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Ted's teaching tips


What a stroke of fortune! You are walking along the beach one day when you discover enough wood to build yourself a house or two. So, is scavenging an honourable tradition, your right, or will the long arm of the law eventually tap you on the shoulder?


Can you think of any famous shipwrecks (Spanish Armada, Titanic)? Why do ships run aground or sink (storms or bad steering drive them on to rocks, into shallow water, on to sandbanks; overturn in heavy seas; hit icebergs, another ship; holed by gunfire or torpedo in wartime)? Why do people risk their lives going to sea (their job, for example, fishing, lifeboat crew; people seeking adventure and excitement)? Imagine you are a diver entering a ship which sank hundreds of years ago,. What would you expect to find?


What are scavengers (people or animals picking up whatever they can find of value, goods or food)? Can you think of examples among animals (birds building nests, seagulls on rubbish tips)? When is it legal and illegal (OK if owners genuinely don't mind, or even invite people to remove things; theft if they want their goods)? If you find some treasure, is it yours to keep (no, it has to be handed in; it may legally belong to the landowner, though it could become yours if it was abandoned centuries ago and declared "treasure trove" (trove is taken from the French word trouve, meaning found)? What forms of human scavenging are acceptable (collecting seashells, bottles, paper and old clothes for recycling; buying things cheaply at a car boot sale; taking used packaging to school to make 3-D models)?


Another long tradition in some coastal areas is smuggling; who are smugglers and what do they do (bring in goods illegally to avoid tax)? Have you read any stories about smugglers, or been to places where smugglers lived (for example, a smugglers' inn or cove)? What do modern smugglers import (drugs, liquor, cigarettes, animals, jewellery, goods with high tax)? Who tracks them down (police, customs and excise officers)? What happens if they are caught (heavy fines or long jail sentences for serious offences)?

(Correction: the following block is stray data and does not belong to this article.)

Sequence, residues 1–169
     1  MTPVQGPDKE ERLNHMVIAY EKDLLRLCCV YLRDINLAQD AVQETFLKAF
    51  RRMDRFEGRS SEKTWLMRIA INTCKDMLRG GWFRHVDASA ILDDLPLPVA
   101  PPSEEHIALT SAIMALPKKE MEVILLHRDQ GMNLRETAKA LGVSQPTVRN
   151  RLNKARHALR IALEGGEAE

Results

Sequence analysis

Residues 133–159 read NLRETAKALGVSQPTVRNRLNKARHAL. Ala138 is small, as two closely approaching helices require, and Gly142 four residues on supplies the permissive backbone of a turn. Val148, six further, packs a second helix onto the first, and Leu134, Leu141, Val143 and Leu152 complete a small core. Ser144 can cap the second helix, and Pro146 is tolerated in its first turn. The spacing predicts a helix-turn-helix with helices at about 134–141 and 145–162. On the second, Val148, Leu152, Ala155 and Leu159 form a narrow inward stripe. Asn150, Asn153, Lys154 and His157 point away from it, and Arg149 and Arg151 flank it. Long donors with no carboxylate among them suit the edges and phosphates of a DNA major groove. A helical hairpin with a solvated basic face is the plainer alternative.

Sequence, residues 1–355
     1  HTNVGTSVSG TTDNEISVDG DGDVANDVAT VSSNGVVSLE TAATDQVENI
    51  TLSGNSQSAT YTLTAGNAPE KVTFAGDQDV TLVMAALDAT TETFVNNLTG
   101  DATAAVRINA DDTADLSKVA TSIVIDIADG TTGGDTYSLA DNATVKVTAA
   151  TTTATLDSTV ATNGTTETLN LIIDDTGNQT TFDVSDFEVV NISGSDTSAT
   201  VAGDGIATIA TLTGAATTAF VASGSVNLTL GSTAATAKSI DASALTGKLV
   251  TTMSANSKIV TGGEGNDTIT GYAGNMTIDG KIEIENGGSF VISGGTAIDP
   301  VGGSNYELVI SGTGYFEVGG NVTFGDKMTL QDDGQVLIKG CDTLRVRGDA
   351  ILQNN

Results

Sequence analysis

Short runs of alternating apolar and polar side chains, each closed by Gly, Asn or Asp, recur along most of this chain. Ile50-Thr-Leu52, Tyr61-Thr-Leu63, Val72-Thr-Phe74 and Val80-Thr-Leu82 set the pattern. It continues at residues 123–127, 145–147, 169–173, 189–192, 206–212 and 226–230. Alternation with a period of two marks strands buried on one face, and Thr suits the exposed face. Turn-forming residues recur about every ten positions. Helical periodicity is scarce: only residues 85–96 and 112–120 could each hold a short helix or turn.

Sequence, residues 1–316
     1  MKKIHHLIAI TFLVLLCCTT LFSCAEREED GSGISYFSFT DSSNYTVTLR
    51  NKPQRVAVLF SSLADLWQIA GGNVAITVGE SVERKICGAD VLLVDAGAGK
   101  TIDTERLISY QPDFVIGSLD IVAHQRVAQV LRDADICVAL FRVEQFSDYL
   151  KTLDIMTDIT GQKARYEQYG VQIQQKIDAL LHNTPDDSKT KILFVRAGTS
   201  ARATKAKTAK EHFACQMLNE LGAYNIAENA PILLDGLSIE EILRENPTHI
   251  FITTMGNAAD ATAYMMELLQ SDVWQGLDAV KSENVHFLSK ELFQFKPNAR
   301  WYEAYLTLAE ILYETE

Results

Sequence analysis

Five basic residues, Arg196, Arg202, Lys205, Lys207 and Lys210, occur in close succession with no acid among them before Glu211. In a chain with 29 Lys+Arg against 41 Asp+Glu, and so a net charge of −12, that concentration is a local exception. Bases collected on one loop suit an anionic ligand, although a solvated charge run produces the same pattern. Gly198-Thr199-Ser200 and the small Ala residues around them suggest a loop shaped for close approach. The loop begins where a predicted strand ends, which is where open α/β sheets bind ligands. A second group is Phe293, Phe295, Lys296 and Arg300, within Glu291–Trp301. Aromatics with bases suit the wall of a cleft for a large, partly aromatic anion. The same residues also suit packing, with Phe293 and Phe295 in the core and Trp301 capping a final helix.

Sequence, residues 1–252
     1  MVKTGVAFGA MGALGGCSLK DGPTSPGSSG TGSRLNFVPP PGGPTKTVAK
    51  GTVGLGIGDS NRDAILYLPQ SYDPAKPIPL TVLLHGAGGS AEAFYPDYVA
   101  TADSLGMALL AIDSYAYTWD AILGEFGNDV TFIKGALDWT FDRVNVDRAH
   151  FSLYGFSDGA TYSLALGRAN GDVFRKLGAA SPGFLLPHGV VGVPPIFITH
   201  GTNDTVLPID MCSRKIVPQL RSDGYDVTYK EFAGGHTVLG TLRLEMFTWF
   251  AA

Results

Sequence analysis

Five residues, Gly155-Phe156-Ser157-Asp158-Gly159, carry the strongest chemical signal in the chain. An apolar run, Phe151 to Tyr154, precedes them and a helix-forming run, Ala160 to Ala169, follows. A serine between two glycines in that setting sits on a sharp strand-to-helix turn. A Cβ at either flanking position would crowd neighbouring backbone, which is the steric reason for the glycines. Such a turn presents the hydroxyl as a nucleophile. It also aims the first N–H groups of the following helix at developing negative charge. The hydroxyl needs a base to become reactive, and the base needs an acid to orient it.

(a) You are walking along the beach with friends when you discover an ancient wooden chest sticking out of the sand; what is in it, what do you do, what is the outcome? (b) Describe how you buy all the wood in the picture legally and what you do with it (build, sell at a profit?).

Ted Wragg is professor of education at Exeter University


If a ship runs aground should anyone be allowed to salvage the contents?


There is a long tradition in coastal areas of locals collecting things that wash up on shore. Storm debris simply litters the coastline and the beaches, so it is as well someone is willing to clear it away. The goods may, in any case, be damaged and the insurance company will reimburse the owners.


Storms are not the fault of the company whose goods are lost, so taking them without the owner's permission is, legally, theft. If the ship's contents are damaged then people who want them should agree to buy at a reduced price. Insurance claims simply have to be paid for by other customers paying higher premiums.

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